The “Holy Grail” of display advertising is click arbitrage, the process of purchasing traffic to a particular Web page and subsequently making more in revenue than the initial inbound click cost. For example, suppose you’re able to buy a click (from various sources, which we’ll discuss that in more detail below) for $0.10 and make $0.11 in ad revenue every time someone visits that page. That’s not a huge margin, but if you’re able to buy millions of clicks you can start imagining a meaningful profit. In the early days on the Internet, click arbitrage was relatively common. As the number of players in the game has skyrocketed, markets have become more efficient and the “free lunch” has become more elusive. But it’s definitely still possible. Below, we’ll walk you through an attempt at CPC click arbitrage, and explain how one goes about trying to squeeze out a profit. (By the way, if you’re enjoying this article, you may want to subscribe to our free newsletter; we’ll send monetization tips straight to your inbox each day.)
The slow, hard way to get traffic to your site is to publish a lot of great content, establish a social media presence, and spend time marketing what you’ve created. You’ll eventually get some links to your site, start showing up in search engines, and have a recurring stream of visitors. The fast, easy way to get traffic is to buy it through advertising. There are a number of potential sources of paid traffic in 2014, including search engines, sponsored content networks such as Taboola and Outbrain, and social media platforms like Facebook and Twitter. Facebook has emerged as a source of cheap clicks as the company has ramped up its efforts to monetize both desktop and mobile traffic. John Loomer has some great insights into the costs of driving site traffic from Facebook. His research shows that CPMs tend to range from $1 to $4 for Promoted News Feed Posts. If you’re not familiar, these ads look like this: The click rates on these placements are all over the board, but by some accounts CTRs in the neighborhood of 2% to 4% are possible with good creative such as the image above. If you’re paying a $1 CPM, that gets you to effective CPCs of just a few pennies. We’re being pretty general with the cost calculations here, but the bottom line is that it’s possible (though challenging) to get clicks for as little as $0.03 to $0.05 on Facebook.
Once you get someone on your site, you need them to click as many ads as possible. Specifically, you need to make more than $0.03 from each visitor in order to turn a profit. AdSense limits its partners to three ad units per page, but there are easy ways to (legally) get many more ad units on a page. Specifically, using multiple ad networks in tandem and maxing out sponsored content centers can help create a a page that is dominated by ads. Here’s an example: In case you lost track, here’s the running count on ad units on this page:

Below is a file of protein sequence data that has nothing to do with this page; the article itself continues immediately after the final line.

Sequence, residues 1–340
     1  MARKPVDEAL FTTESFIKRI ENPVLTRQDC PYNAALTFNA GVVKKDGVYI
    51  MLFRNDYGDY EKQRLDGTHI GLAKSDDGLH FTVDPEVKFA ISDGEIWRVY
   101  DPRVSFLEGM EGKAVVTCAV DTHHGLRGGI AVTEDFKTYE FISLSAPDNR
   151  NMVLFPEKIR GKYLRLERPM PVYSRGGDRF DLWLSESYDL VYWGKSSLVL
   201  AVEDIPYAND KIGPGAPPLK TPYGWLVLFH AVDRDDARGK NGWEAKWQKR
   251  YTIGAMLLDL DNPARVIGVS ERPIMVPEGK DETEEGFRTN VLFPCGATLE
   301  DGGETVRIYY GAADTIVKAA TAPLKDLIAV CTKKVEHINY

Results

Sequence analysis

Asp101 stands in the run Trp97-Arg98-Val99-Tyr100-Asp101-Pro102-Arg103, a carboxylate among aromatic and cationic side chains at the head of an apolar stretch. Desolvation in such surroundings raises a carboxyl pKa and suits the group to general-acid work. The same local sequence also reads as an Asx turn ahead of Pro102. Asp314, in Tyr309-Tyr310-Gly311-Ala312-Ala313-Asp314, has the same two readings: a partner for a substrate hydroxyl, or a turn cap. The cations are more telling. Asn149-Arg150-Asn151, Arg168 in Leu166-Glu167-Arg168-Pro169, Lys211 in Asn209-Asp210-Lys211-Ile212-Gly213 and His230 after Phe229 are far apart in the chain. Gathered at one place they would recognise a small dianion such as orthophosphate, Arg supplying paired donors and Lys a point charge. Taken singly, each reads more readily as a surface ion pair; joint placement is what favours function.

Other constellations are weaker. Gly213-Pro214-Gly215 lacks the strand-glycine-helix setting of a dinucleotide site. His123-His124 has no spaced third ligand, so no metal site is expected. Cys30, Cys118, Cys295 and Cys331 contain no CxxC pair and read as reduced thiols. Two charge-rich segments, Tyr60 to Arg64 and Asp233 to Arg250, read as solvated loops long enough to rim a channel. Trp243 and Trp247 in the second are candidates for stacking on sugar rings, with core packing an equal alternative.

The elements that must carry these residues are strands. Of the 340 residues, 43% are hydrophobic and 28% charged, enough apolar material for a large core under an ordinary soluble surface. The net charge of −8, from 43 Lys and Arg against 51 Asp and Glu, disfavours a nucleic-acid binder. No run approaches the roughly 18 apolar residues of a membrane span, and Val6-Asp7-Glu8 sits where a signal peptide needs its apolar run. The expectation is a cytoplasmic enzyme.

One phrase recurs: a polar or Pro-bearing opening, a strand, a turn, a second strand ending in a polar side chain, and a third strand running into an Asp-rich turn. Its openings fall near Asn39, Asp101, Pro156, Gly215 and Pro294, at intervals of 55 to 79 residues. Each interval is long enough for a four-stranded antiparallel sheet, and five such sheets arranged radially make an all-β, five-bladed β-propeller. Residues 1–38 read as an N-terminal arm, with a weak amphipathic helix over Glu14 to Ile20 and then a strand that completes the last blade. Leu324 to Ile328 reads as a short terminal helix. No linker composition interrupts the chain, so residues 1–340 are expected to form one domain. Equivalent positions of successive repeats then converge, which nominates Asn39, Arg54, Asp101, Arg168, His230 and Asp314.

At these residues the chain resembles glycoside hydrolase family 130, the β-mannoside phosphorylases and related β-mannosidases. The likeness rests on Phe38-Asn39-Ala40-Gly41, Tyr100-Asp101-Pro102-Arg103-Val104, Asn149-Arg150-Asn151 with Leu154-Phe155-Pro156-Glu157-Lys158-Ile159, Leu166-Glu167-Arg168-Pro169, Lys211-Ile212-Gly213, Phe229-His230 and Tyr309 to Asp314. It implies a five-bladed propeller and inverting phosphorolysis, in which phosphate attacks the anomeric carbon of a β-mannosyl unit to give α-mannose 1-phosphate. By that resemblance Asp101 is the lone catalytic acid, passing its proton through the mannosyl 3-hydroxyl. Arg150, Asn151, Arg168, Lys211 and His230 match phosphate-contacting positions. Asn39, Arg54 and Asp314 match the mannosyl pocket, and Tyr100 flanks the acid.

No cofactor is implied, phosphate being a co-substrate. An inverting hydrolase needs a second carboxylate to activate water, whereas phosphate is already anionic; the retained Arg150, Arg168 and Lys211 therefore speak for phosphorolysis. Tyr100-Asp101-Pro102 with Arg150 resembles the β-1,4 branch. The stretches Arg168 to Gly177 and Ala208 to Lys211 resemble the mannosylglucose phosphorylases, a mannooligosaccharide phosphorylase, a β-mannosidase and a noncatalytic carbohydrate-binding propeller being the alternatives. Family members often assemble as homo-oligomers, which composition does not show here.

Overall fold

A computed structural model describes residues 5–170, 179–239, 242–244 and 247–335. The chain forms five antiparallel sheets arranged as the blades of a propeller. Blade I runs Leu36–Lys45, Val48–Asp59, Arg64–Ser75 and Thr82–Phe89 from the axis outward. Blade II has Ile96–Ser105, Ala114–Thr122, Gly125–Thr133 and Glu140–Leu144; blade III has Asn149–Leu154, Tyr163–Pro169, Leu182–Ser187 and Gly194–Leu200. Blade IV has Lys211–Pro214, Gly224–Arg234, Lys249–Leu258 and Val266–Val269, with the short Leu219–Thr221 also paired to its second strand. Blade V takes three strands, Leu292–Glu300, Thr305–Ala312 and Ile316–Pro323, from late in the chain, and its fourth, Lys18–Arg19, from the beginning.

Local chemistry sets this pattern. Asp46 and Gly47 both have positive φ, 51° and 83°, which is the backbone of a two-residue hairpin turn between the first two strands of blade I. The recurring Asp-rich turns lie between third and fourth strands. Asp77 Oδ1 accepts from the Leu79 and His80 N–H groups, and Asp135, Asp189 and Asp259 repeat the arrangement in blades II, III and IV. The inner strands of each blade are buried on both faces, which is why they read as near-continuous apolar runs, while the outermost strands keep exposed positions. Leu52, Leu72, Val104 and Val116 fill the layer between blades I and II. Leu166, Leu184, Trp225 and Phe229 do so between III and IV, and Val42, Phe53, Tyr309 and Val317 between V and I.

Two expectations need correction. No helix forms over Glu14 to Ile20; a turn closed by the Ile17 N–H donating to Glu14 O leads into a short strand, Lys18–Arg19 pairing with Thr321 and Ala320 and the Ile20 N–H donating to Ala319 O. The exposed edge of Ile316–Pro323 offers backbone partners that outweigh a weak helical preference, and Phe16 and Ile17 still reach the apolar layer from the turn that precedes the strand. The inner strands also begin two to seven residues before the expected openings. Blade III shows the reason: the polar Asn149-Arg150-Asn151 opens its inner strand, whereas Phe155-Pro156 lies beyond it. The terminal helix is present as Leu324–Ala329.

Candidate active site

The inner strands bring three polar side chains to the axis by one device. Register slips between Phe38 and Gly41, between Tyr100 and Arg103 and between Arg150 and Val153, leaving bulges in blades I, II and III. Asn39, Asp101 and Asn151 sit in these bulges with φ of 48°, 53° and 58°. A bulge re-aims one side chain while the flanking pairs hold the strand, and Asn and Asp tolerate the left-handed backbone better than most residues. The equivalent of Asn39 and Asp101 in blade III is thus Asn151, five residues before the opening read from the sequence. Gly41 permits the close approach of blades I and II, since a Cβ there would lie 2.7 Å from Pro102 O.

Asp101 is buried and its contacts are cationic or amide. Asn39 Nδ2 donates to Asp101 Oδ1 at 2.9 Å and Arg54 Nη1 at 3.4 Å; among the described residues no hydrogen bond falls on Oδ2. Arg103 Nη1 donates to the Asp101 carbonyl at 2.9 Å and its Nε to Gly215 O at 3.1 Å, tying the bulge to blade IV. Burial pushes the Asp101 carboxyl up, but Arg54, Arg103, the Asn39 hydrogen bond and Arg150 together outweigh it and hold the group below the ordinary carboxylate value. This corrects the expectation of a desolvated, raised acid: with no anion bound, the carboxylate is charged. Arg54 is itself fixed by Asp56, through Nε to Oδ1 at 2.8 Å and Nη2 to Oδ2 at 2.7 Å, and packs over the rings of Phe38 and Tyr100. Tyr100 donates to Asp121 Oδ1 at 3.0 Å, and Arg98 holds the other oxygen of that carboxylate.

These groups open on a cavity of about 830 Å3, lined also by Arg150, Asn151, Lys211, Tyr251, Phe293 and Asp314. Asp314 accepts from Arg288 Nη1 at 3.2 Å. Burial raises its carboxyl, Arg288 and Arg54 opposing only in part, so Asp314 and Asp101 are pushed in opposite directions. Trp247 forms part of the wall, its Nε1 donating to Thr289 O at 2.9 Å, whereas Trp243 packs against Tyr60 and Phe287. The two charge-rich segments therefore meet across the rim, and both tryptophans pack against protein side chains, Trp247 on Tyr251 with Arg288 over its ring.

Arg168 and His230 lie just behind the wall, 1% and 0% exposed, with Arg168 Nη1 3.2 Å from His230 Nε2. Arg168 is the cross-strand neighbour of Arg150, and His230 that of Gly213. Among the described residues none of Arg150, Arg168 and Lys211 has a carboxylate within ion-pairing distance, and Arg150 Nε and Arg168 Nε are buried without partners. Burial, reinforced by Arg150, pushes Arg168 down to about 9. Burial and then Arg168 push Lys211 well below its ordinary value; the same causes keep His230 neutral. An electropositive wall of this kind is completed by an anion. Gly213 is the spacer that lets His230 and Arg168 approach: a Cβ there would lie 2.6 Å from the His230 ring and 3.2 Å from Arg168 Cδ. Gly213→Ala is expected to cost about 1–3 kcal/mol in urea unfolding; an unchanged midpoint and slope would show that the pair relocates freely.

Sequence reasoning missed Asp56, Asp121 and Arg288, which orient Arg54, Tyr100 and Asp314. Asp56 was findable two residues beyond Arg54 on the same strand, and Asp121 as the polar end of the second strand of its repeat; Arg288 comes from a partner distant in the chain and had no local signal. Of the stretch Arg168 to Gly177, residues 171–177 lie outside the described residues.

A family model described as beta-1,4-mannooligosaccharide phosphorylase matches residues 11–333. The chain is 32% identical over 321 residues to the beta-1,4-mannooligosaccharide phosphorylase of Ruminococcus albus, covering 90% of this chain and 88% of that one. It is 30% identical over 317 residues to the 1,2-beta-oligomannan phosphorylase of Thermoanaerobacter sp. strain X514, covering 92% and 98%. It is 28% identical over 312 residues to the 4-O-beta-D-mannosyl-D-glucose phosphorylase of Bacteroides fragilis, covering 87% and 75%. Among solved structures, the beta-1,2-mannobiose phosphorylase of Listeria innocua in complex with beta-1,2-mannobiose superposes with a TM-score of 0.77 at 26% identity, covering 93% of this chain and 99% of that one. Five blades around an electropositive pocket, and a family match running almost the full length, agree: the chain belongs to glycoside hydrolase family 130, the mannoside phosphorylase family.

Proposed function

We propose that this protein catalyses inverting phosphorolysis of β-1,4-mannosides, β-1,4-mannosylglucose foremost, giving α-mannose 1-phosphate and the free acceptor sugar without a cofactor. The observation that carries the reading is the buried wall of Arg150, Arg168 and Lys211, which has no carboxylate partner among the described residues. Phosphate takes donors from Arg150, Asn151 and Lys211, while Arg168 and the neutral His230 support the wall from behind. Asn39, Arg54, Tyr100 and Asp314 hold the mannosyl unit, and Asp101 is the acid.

In total, there are more than 30 sponsored stories per page, along with some traditional banner ads sprinkled in. Counting each sponsored story as a separate ad, there are close to 40 different ads on this single page. It also appears that just about all the filters are turned off; many of the ads in the screenshot above include scantily clad women (and men). Those ads probably get great click rates, but most publishers will elect to turn those off in order to avoid avoid any risk to their reputation (for example, you won’t see Kim Kardashian’s cleavage on any of the Sponsored Content widgets on CNN.com or WSJ.com).
Also note that the page above is a “slideshow” where visitors need to scroll to a new page in order to see the next image in the countdown (in this case, bad tattoos). If someone scrolls through all 22 images, they could see more than 200 ad units (counting ten ad units on this page, as listed above). Even if they only make it halfway, they’ll see about 100 different ads. And if they Like or Tweet the article, there will be even more traffic that comes in as a result. When you’re showing 75 ads to a visitor you paid $0.03 to acquire, arbitrage suddenly seems possible. If the ten ad units have a combined RPM of $3.50 or higher, a profit is generated. With that many high impact ads on a page, including many above-the-fold, that definitely is not an insurmountable hurdle.
This site probably gets dinged for being too “ad heavy” by the search engines, since the ad-to-content ratio is through the roof. But they probably don’t care; we’re guessing that most of the traffic comes through paid channels. That allows them to show a boatload of ads, and presumably make more from each visitor than they paid. The formula for CPC arbitrage is simple (though execution is tough): Cheap Clicks + High Pageviews per Visitor + Lots of Ads = Opportunity for CPC Arbitrage If you’ve had any success (or failures) attempting to pull this off, let us know over at the display ad forum.
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